This summer, The Shed opened its second edition of Open Call, the organization’s large-scale commissioning program to foster new performance and visual artwork from emerging NYC-based artists. Out of 15,000 proposals, 27 artists were selected to receive up to $15,000 and production support to create their work. Two of these recipients are DonChristian Jones and Troy Anthony. The Shed’s Open Call program will premiere in free performances through Open Call and via free livestream.
On June 17-18, at 8 p.m., DonChristian Jones’ performance installation Volvo Truck is an immersive experience that is an homage to ’90s Philadelphia, inspired by his childhood, the women who raised him, and his reverence for Black women.
Admission to all Open Call exhibits and performances are free.
For tickets visit the website at TheShed.org/opencall.
On June 19, 1865 two years after the signing of the Emancipation Proclamation federal troops arrived in Galveston, Texas to ensure that all enslaved people were freed. Step Afrika! will celebrate Juneteenth premiering three of their works: “Trane,” “Little Rock Nine,” and “The Movement.” Step Afrika’s virtual celebration honors and embodies the determination, resilience, and reclamation of freedom with newly filmed choreographic masterpieces inspired by the African American experience.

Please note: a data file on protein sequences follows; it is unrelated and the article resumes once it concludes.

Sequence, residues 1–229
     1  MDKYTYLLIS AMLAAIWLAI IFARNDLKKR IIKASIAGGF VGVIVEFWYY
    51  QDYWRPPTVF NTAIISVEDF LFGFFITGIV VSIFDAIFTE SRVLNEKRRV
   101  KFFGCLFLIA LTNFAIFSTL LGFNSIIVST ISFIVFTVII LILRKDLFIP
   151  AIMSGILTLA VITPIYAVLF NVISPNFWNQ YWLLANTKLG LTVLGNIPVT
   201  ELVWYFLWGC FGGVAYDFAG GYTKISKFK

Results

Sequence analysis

Founded in 1994 by C. Brian Williams, Step Afrika! is the first professional company dedicated to the tradition of stepping. Step Afrika! blends percussive dance styles practiced by historically African American fraternities and sororities; traditional African dances; as well as an array of contemporary dance and art forms.
To register for the free premiere on June 19, at 8 p.m., visit the website www.stepafrika.org.
New York City is a sizzling pan of live music that keeps this city alive as we celebrate this Black Music Month we must pay tribute the great blues legend Bobby Rush who will briefly leave his home in Jackson, Mississippi to perform at the City Winery on June 28, at 8 p.m. The show is billed as Bobby Rush Raw: An Intimate Night of Stories & Songs w/ Early Times & The High Rollers.
Rolling Stone magazine crowned Rush “King of the Chitlin’ Circuit,” an acknowledgment of the years he spent touring the network of small clubs for Black performers and audiences. His music style, his sound is the heart of Black music encompassing his life experiences in funk, soul and of course blues.
His new Rounder Records release, “Porcupine Meat,” features all-new compositions that recently earned him a Grammy Award.
Performing on the heels of his friends and mentors blues men like Elmore James, Muddy Waters and B.B. King, Rush is one of a few remaining Black blues musicians who experienced the terrorism of racism during the Jim Crow era. “I think what we thought was forwards wasn’t forwards,” he said of the suggestion that Floyd’s killing represented a step backward in the struggle for racial justice. “I been having feet on my neck all my life,” he stated in a recent New York Times interview.
Rush’s memoir, “I Ain’t Studdin’ Ya: My American Blues Story,” written with Herb Powell is due on June 22. At age 82, the singer, songwriter, guitarist, harmonica player and all-around entertainer is at the peak of his long career and finally getting his accolades.
Rush’s show is a hurricane of black music components soul, funk showering blues and big storytelling. For tickets visit the website